Often, I write on the bottom of my food logs for my dietitian “felt like a binge.”
Binges terrify me partially because I used to struggle with them. Restricting is awful, but eating out of control large amounts filled me with anguish instead of fixing my issues. Going back to that lifestyle still scares me.
There are two types of binges: subjective and objective. Both feel similar. You are often distraught, lonely, afraid, angry, or struggling with another emotion. When you eat, it feels uncontrollable, like you cannot stop. Afterward, guilt sets in as you remember your actions.
Food amount is what sets the two types of binges apart from each other. A subjective binge feels big to the person eating but not to an outsider. On the other hand, someone who struggles with objective binges will have enough food that others would agree the amount was too much.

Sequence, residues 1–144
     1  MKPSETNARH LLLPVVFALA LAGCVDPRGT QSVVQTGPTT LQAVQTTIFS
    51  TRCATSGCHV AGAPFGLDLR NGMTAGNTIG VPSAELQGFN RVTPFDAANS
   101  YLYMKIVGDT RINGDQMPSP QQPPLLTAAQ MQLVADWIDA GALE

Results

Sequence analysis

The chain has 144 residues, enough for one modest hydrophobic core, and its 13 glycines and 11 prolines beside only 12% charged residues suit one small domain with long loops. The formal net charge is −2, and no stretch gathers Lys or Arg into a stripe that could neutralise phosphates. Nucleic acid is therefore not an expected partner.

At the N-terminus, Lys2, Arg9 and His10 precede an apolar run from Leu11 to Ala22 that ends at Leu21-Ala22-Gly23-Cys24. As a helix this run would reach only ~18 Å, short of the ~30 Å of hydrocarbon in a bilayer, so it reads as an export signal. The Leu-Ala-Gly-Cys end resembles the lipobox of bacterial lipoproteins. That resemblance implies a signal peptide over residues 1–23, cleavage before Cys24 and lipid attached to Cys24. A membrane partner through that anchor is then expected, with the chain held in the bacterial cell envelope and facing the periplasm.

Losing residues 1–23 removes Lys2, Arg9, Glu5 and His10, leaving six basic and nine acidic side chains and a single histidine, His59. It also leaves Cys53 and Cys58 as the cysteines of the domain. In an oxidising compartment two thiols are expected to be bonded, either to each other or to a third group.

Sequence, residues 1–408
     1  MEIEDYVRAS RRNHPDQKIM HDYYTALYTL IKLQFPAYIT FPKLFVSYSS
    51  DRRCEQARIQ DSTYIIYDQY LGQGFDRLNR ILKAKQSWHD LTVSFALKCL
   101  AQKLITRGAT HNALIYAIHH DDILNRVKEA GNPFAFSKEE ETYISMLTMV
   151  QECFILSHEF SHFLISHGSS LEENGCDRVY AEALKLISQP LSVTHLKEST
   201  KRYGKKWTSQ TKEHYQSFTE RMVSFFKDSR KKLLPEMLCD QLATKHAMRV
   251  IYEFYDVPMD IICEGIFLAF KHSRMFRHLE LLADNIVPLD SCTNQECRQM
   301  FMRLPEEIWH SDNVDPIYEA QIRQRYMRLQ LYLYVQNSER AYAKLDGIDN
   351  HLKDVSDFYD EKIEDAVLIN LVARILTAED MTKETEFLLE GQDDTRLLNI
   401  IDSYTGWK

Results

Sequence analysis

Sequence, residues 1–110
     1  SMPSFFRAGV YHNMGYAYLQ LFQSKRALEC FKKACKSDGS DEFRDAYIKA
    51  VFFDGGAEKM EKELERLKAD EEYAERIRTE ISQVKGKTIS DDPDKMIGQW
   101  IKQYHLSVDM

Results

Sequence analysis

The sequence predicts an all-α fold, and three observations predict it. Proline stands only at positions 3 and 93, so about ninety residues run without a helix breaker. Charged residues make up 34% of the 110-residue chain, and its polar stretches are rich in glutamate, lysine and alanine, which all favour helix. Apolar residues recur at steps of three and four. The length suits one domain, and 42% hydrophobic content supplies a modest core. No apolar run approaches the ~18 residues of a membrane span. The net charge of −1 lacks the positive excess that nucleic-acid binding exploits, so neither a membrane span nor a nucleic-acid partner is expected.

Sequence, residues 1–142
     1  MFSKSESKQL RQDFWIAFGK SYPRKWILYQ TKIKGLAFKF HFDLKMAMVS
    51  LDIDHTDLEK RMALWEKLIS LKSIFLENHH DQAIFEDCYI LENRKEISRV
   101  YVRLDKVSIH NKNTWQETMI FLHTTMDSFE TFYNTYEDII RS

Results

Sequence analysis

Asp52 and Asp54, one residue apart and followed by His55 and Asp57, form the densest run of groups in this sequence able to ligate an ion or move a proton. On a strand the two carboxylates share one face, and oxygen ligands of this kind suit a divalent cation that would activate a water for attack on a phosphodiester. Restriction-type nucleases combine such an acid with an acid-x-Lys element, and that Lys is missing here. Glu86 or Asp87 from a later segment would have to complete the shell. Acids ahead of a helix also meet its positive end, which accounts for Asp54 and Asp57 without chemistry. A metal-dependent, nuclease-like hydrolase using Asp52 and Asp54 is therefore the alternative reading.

Thus, one might argue that a subjective binge is not really a binge. After all, there is not that much food consumed. Today, for example, I had a small handful of trail mix. Nuts and dried fruit are two things that I love. However, eating this terrified me although I craved more. Did I really binge? No, but it sure felt like I did.
These feelings are important to note. Yes, someone who subjective binges eat less, but that does not erase the guilt and lack of control. Both types reek havoc on the lives of those inflicted. Restriction is awful but so is over-eating.